Colombia: BanRep raises policy rate 75 basis points in January; two board members dissent
At its 27 January meeting, the board of directors of Colombia’s Central Bank (BanRep) increased the benchmark interest rate by 75 basis points, from 12.00% to 12.75%, undershooting market expectations. The move marked the 12th consecutive rate hike and amounted to a cumulative 1,100 basis points of increases since the current tightening cycle began in September 2021. However, the decision was not unanimous: Two board members voted for a 25 basis point hike.
Both headline and core inflation continued to rise and exceed market expectations in December, with the former reaching the highest rate since 1999. According to the latest survey released by Fedesarrollo on 23 January, inflation expectations for the end of this year rose to 8.9% compared to 7.6% in the prior survey. This pushed BanRep to hike rates to ensure inflation converges to its 2.0–4.0% target band in the medium run.
That said, the smaller size of the hike and the lack of unanimity reflected growing concern regarding the impact of recent rate hikes on economic activity.
In its press release, BanRep struck a dovish tone compared to last month. It stated that interest rates are nearly high enough to ensure that inflation converges to the mid-point of the target band in the medium run. This suggests that the Central Bank is close to the end of its hiking cycle. BanRep’s next meeting is scheduled for 31 March. At this next meeting, eight of our panelists expect a 25 basis point hike, three expect a 75 basis point hike, two expect a 50 basis point hike, and one panelist expects no rate hike.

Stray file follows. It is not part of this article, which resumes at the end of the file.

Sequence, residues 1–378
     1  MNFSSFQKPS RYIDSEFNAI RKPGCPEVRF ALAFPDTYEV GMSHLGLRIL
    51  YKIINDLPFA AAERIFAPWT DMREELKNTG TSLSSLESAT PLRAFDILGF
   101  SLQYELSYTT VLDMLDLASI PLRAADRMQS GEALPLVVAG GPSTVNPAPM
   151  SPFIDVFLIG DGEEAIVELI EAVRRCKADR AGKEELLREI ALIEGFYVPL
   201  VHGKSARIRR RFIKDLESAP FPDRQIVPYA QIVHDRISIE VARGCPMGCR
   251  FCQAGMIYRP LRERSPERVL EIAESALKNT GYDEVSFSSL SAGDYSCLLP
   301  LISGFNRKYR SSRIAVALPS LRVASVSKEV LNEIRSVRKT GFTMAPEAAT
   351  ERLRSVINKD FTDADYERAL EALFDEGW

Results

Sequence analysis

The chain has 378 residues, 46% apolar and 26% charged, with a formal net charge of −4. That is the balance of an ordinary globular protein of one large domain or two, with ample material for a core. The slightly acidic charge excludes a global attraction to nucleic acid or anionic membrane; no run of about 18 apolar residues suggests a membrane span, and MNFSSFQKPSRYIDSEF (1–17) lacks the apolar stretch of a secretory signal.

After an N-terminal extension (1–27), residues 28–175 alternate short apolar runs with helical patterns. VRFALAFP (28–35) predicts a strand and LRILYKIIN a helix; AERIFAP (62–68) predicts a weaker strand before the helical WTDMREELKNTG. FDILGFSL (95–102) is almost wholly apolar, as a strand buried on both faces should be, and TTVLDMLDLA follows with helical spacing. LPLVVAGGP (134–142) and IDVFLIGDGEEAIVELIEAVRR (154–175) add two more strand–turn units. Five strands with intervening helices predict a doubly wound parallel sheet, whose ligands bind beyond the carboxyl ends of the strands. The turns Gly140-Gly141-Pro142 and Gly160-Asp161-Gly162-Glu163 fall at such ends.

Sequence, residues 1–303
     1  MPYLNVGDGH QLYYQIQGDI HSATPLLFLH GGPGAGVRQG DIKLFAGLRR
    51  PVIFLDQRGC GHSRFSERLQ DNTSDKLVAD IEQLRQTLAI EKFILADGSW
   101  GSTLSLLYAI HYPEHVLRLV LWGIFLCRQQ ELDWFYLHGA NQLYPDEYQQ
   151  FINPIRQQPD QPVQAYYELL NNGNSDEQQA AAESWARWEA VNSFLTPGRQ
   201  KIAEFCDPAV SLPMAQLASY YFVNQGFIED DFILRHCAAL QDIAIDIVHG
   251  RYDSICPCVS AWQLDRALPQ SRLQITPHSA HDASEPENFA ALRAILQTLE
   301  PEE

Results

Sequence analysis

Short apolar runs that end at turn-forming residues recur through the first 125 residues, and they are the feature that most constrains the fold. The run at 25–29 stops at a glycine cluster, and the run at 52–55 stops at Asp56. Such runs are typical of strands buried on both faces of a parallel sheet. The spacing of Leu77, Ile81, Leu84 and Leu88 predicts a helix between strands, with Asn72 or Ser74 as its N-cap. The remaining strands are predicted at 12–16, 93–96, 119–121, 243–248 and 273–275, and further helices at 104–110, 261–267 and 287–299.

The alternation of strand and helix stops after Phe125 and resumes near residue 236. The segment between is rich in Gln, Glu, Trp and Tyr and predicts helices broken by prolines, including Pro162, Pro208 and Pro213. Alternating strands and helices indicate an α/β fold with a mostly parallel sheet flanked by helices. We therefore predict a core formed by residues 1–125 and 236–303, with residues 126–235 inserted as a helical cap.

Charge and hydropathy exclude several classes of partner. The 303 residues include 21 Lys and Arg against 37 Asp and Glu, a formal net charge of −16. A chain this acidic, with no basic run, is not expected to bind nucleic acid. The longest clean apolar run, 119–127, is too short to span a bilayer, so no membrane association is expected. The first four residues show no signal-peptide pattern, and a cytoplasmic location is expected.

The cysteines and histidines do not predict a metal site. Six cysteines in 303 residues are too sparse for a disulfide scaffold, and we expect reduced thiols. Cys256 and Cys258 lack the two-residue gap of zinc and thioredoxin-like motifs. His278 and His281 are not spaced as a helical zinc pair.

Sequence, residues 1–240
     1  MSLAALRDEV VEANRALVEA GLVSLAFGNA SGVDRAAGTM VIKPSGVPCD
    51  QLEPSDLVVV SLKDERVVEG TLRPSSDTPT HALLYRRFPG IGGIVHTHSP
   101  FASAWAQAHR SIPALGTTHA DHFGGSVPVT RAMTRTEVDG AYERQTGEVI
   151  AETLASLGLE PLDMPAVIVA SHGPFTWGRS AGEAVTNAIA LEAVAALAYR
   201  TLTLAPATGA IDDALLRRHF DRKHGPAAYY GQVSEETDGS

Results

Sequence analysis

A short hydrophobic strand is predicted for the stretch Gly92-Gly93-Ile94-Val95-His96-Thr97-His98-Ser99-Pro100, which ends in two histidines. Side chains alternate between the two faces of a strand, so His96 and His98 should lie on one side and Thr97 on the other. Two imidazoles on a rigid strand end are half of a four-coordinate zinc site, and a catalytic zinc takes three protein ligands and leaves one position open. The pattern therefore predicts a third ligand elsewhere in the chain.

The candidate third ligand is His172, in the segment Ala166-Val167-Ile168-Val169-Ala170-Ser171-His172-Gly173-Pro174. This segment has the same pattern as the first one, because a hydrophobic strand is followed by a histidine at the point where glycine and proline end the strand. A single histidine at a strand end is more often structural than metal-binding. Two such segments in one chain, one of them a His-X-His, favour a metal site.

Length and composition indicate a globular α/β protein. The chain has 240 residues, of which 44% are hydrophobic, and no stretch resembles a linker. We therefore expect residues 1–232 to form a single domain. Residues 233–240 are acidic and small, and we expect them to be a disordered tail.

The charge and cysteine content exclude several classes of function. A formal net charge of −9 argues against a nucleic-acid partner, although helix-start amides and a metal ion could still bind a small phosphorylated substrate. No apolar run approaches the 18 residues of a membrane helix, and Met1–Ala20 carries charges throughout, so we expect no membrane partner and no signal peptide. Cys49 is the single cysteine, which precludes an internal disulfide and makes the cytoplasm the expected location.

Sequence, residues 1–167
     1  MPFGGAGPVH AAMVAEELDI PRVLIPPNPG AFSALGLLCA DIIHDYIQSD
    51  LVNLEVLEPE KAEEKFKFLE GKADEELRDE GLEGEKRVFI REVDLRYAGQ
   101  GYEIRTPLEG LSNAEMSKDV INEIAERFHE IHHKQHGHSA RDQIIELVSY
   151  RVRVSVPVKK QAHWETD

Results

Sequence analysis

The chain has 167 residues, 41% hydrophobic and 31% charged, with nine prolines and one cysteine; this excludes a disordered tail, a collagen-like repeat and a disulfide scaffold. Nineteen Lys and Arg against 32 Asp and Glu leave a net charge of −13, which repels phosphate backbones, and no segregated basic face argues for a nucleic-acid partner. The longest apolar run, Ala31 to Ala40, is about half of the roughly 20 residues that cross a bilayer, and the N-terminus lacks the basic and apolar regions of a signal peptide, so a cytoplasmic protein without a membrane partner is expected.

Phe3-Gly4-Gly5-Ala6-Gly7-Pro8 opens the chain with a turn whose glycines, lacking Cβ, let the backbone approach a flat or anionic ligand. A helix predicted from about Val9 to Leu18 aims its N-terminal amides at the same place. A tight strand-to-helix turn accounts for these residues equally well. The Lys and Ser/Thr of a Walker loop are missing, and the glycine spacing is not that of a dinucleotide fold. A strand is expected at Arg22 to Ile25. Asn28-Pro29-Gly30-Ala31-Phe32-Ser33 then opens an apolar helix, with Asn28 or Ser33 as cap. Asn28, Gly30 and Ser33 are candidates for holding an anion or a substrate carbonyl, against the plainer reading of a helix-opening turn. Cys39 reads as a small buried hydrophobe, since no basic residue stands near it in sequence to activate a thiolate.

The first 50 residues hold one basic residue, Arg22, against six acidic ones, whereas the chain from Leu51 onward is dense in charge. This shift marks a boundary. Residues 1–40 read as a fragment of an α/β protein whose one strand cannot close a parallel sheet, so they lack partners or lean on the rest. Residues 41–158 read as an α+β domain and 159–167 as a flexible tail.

Analysts at Scotiabank Colpatria commented on the outlook:
“Given the new information, we expect a final 25-bps hike in the March meeting. Inflation is expected to stabilize in Q1-2023, allowing the central bank to continue slowing down the hiking cycle pace and triggering a wait-and-see mode.”
Meanwhile, analysts at Credicorp said:
“In short, we expect a 50 basis point hike in the next monetary policy meeting, without ruling out further adjustments. All will depend on the evolution of inflation in H1 2023, given its current upward bias, principally because of factors such as the reintroduction of taxes on the consumption of services, the adjustment of prices for passenger flights, unexpected changes in petroleum prices and tariffs on clothed goods, among others.”